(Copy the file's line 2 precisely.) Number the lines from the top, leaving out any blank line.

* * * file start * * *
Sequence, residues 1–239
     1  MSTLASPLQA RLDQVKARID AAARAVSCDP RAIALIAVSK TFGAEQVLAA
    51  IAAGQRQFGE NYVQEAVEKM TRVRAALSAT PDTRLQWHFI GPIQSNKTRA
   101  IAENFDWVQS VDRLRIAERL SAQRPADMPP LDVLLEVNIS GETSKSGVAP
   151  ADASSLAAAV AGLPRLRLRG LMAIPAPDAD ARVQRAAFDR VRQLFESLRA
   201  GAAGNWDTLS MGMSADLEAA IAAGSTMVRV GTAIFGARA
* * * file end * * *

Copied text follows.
     1  MSTLASPLQA RLDQVKARID AAARAVSCDP RAIALIAVSK TFGAEQVLAA